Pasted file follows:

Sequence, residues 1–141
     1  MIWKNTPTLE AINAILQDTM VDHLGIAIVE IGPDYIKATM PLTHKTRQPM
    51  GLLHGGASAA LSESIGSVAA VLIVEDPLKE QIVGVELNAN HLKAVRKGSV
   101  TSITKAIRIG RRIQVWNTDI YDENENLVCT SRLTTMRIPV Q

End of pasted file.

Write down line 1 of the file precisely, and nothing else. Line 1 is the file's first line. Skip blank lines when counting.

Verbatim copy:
Sequence, residues 1–141